I came back to Lancs and tested positive for COVID-19: Please take this pandemic seriously
Trust me, you don’t want it x
I tested positive for coronavirus two weeks after moving back to Lancaster. After my flatmate showed symptoms I knew that my sore throat was more than just freshers’ flu. Stood in the kitchen, I coughed violently until my chest ached and I knew it was a bad sign. After taking the test my suspicions were confirmed and I was forced to come to terms with my positive result.
That first day I retched so much I thought I was going to throw up, my coughing echoed throughout the whole flat. The virus had completely drained the life from my body. I struggled to get out of bed, my energy levels had plummeted to an all-time low. I struggled to get up for my lectures at the best of times and now even the act of making toast felt like an Olympic sport.
Cue the voice from BBC’s Trapped because isolation feels as if I have been locked at the top of a tower destined to wallow in my solitude for the foreseeable future. I can recall my 12-year-old self watching the show almost a decade ago and wondering how seriously the punishment was taken, were those poor children really abandoned on a TV set indefinitely, or would they be able to eventually go home and see their families after a day of filming? I felt a strange parallel between my current situation and the TV show paradox I had created in my 12-year-old mind.
To prevent the spread of the virus around our flat, it was decided that I would self-isolate in my room. The only communication I had with my flatmates was through our online group chat. The only time I saw them was when they delivered my food. While it could be seen as a positive that I didn’t have to cook, I had completely lost my independence, having to message my flatmate to fill up my water bottle as I was banished from the kitchen. Additionally, whether they had decided to whip up coq au van or just a cold piece of toast made no difference to my post-COVID taste buds. I was much more invested in the brief conversation which was served as a metaphorical side dish with my dinners.
I just want to go outside
The only change in scenery I had was watching people walk past my street-facing window. But this just reminds me that I can’t go outside. Hours are lost as I stare out of my open window and everyday merges into one as I feel any semblance of routine or structure drift away from me. The window becomes a portal to my friends on the outside world, it is both my escape and my communication device. But it’s just not the same.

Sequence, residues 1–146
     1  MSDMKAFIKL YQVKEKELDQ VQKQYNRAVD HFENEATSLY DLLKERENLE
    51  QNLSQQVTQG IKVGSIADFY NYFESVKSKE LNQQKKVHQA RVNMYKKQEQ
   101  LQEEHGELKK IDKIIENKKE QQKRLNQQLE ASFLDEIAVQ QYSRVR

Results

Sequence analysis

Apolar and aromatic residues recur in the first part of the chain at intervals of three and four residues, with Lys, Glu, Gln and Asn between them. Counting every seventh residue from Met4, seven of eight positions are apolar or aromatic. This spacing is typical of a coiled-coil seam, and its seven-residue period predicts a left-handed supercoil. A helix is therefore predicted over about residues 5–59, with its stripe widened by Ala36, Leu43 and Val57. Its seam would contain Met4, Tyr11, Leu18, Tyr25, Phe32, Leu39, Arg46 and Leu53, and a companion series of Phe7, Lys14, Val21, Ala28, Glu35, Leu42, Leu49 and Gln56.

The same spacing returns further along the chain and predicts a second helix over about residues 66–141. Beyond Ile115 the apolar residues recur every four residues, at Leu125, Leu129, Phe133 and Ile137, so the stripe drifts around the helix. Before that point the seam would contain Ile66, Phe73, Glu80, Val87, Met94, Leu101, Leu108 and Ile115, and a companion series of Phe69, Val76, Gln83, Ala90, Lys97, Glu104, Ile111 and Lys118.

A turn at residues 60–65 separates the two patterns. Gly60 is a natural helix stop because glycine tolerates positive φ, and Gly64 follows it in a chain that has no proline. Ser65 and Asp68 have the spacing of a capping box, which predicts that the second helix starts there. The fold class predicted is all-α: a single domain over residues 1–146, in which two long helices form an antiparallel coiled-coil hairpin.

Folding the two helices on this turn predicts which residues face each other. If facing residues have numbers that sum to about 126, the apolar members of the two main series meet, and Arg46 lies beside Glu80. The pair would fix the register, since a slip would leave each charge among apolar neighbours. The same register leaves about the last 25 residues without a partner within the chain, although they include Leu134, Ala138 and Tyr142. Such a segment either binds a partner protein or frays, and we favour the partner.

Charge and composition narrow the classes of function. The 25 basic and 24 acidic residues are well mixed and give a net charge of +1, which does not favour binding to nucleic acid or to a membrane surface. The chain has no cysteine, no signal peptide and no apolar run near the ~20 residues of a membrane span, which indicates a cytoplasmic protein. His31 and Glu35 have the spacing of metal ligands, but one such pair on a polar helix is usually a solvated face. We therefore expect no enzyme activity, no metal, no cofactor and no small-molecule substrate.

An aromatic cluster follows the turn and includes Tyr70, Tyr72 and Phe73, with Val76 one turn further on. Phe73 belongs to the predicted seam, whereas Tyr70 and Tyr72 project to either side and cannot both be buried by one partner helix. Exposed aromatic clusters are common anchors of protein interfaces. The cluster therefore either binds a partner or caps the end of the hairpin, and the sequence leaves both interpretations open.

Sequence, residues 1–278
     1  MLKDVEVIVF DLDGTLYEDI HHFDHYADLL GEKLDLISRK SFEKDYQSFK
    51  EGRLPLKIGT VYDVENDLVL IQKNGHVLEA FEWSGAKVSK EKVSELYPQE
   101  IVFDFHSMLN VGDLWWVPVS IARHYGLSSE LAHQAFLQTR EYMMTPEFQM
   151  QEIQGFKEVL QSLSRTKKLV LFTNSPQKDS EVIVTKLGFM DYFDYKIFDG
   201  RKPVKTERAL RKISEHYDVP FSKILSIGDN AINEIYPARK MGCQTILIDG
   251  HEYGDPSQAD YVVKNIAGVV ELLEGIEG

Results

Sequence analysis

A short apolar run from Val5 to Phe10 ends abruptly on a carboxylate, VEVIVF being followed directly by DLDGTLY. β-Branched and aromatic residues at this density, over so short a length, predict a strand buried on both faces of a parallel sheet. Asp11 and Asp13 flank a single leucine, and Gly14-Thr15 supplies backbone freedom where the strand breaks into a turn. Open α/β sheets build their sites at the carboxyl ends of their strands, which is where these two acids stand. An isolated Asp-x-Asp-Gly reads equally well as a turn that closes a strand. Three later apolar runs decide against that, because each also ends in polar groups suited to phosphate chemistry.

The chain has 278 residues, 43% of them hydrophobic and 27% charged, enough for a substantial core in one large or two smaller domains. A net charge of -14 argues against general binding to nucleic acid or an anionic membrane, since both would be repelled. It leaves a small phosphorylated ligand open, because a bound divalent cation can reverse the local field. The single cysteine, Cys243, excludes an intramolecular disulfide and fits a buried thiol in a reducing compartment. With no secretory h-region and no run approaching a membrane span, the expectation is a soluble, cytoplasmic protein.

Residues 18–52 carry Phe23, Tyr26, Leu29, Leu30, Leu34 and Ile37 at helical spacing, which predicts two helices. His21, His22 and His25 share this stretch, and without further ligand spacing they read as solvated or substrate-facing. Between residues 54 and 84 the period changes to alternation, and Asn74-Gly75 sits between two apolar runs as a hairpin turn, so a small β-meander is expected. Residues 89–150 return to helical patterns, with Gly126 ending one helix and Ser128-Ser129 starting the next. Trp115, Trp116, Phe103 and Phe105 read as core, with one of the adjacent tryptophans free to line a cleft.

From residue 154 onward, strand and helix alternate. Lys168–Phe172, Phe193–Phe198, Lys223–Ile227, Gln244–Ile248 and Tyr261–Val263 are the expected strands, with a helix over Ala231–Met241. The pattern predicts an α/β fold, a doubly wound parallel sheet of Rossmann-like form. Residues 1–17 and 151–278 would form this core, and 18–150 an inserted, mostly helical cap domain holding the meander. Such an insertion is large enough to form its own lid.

My social life was already limited. I came back to Lancaster to see my friends. But now I can’t even meet up with them outside in a socially distanced environment. Coming from someone who can’t even walk down her street: please don’t break the rules and meet up in large groups, I can’t even see the people I live with. I miss my friends. I miss the fresh air. I miss going to the shops. I miss stupid things like loading the dishwasher and watching ‘The Chase’ when I should be watching my lectures. I miss my freedom.
The guilt of spreading it
COVID spreads easier than Philadelphia on a bagel, it is a speedy boi. Living with someone vulnerable, I constantly fear that I will give them COVID. When I hand them my plate or we are in the corridor at the same time I feel guilty. I stay in my room to protect them, but if they caught it I would feel as if it was my fault.
Having COVID means I bear a heavy responsibility to keep others safe, with an equally heavy fine if I go outside. It is scary that I could potentially infect someone else. It is not just about me.
My symptoms include a violent cough, sore throat, high temperature and loss of taste. The only thing I have to look forward to in a day is food and now I can’t even taste the same! This virus is dehumanising me: I struggle to get out of bed, I am constantly pale and my body has just shut down.
It is just a waiting game. There is no cure but patience and I’ve had enough. It is not “just a cold”, it’s a virus which alienates you from your friends, shuts you out from the world and makes you feel drained and lifeless. I have never felt more ill in my life and it is horrible.
Being away from family
When you test positive for a virus which has killed thousands of people around the world, you want to be around family for support. But at uni, you are away from home and it can make the experience more lonely. The only way I can see my family is through a screen on Face time. It makes it feel as if my family is even further away. Apart from the “Get well soon” e-cards sent from my Grandma, I feel very disconnected from my family.
You have a responsibility, not just for yourself, but for everyone else to prevent the spread of this deadly virus. Take it seriously. Follow the rules. Don’t be selfish. Anyone can get it, it might not be you, but it could be someone you love.
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